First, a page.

The House Judiciary Committee approved a controversial bill that would require Internet service providers to retain customer data for 12 months.
The data retention clause would require ISPs to keep subscriber information including IP addresses for 12 months for use to investigate cases of child exploitation. After two days of intense negotiations, committee members voted 19 to 10 on July 28 to send the amended bill to the full House of Representatives for debate.
The data retention bill has the backing of law enforcement organizations and the National Cable and Telecommunications Association. Along with IP addresses, law enforcement will have access to full subscriber records that can be tied to the Websites each person visited as well as any content posted without having to first obtain a court order.
"When investigators develop leads that might result in saving a child or apprehending a pedophile, their efforts should not be frustrated because vital records were destroyed simply because there was no requirement to retain them," said Chairman Lamar Smith, R-Texas, the bill's co-sponsor.
The original version of the bill had requested 18 months. Smith offered an amendment to cut time to 12 months, which passed. Zoe Lofgren, D-Calif., proposed one to strike the data retention requirements from the bill entirely, which failed by a 15-8 vote.
Opponents to the bill, both Republican and Democrat, added various amendments to block the legislation, arguing it would place an unfair burden on smaller ISPs and would essentially create a trove of consumer data that law enforcement officials would be able to freely access.
Lofgren proposed an amendment to rename the bill the "Keep Every American's Digital Data for Submission to the Federal Government Without a Warrant Act."
Privacy advocates noted that increasing data retention requirement runs counter to best practices in data security and would actually increase the risks of data breaches.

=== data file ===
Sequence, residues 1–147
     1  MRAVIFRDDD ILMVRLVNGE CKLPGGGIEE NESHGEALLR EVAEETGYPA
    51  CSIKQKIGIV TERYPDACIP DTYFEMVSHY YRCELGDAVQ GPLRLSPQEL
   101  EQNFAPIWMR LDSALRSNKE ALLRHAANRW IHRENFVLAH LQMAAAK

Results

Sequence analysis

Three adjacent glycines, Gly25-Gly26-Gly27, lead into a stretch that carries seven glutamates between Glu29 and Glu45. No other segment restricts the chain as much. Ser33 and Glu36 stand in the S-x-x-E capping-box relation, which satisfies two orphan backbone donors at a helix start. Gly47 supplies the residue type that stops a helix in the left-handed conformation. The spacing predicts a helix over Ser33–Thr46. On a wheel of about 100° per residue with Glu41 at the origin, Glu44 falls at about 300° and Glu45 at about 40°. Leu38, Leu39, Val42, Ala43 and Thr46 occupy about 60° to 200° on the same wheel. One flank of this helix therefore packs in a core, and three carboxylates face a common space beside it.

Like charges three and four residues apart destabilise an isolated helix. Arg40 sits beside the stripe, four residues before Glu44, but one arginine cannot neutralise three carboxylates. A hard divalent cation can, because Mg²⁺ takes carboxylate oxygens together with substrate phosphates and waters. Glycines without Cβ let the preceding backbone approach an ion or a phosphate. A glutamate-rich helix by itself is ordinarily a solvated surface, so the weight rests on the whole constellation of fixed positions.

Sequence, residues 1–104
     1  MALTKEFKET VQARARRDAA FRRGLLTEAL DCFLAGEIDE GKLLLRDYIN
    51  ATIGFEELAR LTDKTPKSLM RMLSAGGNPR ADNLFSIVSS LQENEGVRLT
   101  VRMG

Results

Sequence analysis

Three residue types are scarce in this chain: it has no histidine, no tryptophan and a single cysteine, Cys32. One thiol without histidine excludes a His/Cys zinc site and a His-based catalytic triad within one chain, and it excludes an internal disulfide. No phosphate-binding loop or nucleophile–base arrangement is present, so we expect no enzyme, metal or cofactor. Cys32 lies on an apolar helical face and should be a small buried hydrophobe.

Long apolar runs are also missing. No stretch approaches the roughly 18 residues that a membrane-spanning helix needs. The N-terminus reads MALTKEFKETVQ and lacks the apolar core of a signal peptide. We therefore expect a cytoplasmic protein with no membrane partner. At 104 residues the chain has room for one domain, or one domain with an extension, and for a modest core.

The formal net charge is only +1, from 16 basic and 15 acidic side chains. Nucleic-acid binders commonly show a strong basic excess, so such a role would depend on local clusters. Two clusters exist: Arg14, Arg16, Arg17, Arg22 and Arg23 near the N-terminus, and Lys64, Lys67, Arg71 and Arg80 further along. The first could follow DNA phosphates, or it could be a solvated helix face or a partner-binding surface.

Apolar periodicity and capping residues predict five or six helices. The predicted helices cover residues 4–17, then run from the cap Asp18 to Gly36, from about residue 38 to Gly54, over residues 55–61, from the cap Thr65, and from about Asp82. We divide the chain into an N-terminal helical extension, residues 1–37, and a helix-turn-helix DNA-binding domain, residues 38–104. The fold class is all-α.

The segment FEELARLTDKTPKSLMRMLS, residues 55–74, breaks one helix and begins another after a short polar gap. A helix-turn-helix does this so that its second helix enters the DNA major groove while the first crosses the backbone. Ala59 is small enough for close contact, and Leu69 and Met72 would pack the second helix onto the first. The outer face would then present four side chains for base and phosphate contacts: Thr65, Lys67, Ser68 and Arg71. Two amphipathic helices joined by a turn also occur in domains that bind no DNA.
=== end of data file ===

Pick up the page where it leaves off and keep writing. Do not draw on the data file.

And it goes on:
"We live in an age where our devices and the way we use the Internet are constantly generating records-what we read, where we go, who our friends are," the Electronic Frontier Foundation said in a statement. By saving those records for future use, "they become a persistent and pervasive assault on" privacy and pose an "irresistible temptation to law enforcement," the EFF said.
As it stands, the bill would also protect ISPs from liability for retaining the data. Lofgren tried to minimize the blanket immunity so that ISPs could be held liable if the data was hacked due to negligence in securing the data.
Lofgren argued that a targeted approach is better than a database of "every digital act by every American." She proposed an amendment to require the ISPs to inform the courts when faced with requests from law enforcement, similar to how phone companies currently have to report wiretapping requests. She also sought to specify that ISPs can't add other types of consumer data to be collected and retained.
All of Lofgren's amendments were defeated.
Lofgren said the bill wouldn't achieve its goals because the data retention applies to only "commercial" providers. Criminals would simply go to libraries or Starbucks coffeehouses and use the Web anonymously, while law-abiding Americans would have their activities recorded, she said. The ISPs would know criminals used library machines but law enforcement would not be able to identify the user, while all the activity from a home computer would be retained, she said.
"I oppose this bill. It can be amended, but I don't think it can be fixed," said Rep. F. James Sensenbrenner, R-Wis., adding that "numerous risks" outweigh any benefits and will probably not do much toward protecting children.